She asked several times if I wanted to join with a contribution, and each time I said no. She then started saying that she could not continue talking with me, because she needed to convince other people to contribute (so I was a lost cause, I assume). She let me wondering, do campaigners work on commission?

By the way, I am not suggesting that the forest industry has a perfect record or anything similar. It is only that I find impossible to reason with people that regurgitate a mantra, without thinking or checking the most basic information freely available.

PS. 2004-02-08. Added the antepenultimate and last paragraphs. Incidentally, I do not know if this type of campaigners are volunteers or if they actually receive a payment. The comment about working on commission refers to her unwillingness to continue the discussion.

Walking in town last weekend there was a member of Green Left selling ‘The Green Left Weekly’, malady
see a paper published by this group of Stalinist loonies. Please note: do not confuse this group with The Greens, allergy
which look like a bunch of right wingers compared to these guys. For an example of ideological blindness in this ‘newspaper’ have a look at pfizer
poverty and ecology: Cuba & Venezuela lead the way.

Although I consider totalitarian views like nazism, fascism and communism as expressions of the same underlying controlling philosophies, some people claim that they differ on their aims. Thus, communism is more acceptable, because it aims for an egalitarian society, while Nazism does not. Of course this implies that an egalitarian society is a desirable utopia—although I don’t think that is the case. Yes, there have been a few ‘glitches’ with the implementations (some of these countries, for example), but never let real life interfere with a beautiful theory.

If one looks at all attempts to achieve egalitarian societies, there has never been a successful example. A quote frequently attributed to Albert Einstein defines defines ‘Insanity: doing the same thing over and over again and expecting different results’. One may question that if all implementations fail there may be something wrong with the idea. This thought does not cross the minds of the Green Left’s true believers. It may well be that John Dryden was right when writing in ‘The Spanish Friar’:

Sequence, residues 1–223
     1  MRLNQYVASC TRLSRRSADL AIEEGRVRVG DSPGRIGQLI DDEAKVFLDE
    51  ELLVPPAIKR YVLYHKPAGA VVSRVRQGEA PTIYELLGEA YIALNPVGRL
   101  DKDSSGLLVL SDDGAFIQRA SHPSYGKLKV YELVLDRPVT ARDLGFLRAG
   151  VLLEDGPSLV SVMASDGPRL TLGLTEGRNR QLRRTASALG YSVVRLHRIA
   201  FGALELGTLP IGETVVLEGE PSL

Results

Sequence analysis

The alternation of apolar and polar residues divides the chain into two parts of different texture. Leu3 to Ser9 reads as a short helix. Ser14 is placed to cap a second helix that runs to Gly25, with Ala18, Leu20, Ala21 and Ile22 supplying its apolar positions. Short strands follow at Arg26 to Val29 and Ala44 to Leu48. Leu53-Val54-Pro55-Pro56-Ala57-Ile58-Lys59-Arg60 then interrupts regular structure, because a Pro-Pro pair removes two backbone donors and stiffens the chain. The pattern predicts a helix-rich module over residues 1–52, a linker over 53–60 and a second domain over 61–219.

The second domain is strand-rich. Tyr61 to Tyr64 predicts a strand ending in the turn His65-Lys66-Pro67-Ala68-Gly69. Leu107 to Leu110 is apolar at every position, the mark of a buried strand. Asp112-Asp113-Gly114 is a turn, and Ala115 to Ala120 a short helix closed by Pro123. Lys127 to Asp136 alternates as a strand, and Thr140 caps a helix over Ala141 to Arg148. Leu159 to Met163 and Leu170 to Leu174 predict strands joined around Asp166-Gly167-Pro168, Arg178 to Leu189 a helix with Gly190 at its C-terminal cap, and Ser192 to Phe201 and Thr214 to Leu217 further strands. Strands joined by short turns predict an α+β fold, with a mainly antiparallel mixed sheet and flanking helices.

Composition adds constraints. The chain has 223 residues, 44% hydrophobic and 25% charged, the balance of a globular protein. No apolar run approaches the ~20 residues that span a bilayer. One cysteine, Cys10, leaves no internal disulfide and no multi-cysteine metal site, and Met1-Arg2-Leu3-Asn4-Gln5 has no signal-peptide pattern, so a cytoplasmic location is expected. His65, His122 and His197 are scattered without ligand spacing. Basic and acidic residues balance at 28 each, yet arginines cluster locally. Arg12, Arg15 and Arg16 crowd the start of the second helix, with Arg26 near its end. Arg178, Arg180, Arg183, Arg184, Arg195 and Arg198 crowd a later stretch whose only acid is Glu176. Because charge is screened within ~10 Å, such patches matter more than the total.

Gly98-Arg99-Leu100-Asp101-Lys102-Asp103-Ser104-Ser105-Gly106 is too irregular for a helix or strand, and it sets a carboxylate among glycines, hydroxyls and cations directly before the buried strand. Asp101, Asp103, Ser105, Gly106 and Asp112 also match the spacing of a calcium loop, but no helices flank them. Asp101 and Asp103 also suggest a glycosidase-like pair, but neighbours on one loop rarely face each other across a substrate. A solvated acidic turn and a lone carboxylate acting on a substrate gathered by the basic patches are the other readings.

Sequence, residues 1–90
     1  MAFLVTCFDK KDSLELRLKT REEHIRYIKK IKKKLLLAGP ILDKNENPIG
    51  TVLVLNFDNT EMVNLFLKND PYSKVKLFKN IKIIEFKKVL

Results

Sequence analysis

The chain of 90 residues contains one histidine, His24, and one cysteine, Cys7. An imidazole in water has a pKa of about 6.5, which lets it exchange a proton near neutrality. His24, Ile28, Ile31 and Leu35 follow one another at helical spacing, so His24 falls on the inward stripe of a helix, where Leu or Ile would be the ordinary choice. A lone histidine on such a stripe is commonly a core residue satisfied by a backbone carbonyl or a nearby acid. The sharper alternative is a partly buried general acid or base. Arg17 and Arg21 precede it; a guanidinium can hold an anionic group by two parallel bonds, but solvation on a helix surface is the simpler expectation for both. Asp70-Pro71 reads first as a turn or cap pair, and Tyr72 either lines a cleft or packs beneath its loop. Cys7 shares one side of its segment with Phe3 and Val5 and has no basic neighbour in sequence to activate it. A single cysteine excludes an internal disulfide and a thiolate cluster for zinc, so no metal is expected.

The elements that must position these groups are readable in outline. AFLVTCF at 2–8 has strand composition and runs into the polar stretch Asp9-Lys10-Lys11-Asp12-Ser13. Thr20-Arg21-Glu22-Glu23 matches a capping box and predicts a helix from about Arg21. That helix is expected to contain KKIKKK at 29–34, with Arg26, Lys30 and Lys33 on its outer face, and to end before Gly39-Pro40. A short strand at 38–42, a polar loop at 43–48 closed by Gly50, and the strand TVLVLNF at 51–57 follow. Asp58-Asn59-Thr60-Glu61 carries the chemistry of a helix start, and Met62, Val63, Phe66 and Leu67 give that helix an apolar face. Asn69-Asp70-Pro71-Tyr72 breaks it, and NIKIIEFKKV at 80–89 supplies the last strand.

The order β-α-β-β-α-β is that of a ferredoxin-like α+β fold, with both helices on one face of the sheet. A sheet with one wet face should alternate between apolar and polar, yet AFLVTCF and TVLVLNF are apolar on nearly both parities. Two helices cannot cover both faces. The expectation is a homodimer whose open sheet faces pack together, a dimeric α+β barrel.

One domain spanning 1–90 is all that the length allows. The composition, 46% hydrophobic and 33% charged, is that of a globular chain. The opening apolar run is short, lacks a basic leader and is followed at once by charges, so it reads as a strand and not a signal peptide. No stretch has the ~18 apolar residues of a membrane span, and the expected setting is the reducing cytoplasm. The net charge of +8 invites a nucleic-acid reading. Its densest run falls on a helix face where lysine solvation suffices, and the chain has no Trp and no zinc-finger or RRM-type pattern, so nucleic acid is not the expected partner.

There is a pleasure sure
In being mad which none but madmen know.

By the way, I equally despise right wing totalitarian regimes.

During my bus rides I have finished reading (using ereader) two novels by Cory Doctorow1: Eastern Standard Tribe and Down and Out in the Magic Kingdom. In both novels Cory describes compelling worlds where technology—meaning pervasive SMS messaging, see permanent net connections, viagra 40mg
cloning, deadheading and brain backups—‘just works’.

My interaction with netbanking some days ago left me thinking of the contrast between Cory’s novels and real life. Where do these differences come from? I mean, apart of time for perfecting and delivering any of the described technologies, the two main issues seem to be interfaces and reliability.

Interfaces in real life are not transparent but many times are barriers that interrupt the user accessing the underlying technology. Rarely something works without any modification when just out of the box. We need to configure accounts, setup servers or providers, learn a new interface, etc; all this so we can start enjoying the promise of technology. Concerning reliability, Would you go deadheading or restore your mind from a backup? Would you trust your life to a computer running windows or PalmOS for that matter?

And talking about technology

I finally managed to use my old Psion travel modem with my Tungsten T3. I followed the instructions in this page but completely ignored the use of EasySwitch, that kept crashing my Palm. Now I can update the quotes and weather forecast in AgendusPro and write emails in my palm and then send them using the travel modem.

The Fitaly virtual keyboard has made my life easier, although I am still getting used to the strange new position of the letters.

1 Thanks to Cory for making his novels freely available under a Creative Commons licence. I would have not been able to buy the novels in Hobart, and ordering them through Amazon or Barnes and Noble would have been terribly expensive: more money on postage than on the books. The novels can be downloaded in many different electronic formats from Cory’s web site.

Last week — 16th of February to be exact — the Kyoto protocol entered into force. USA and Australia did not ratify the protocol — rightly in my opinion — making their governments highly unpopular with environmentalist groups.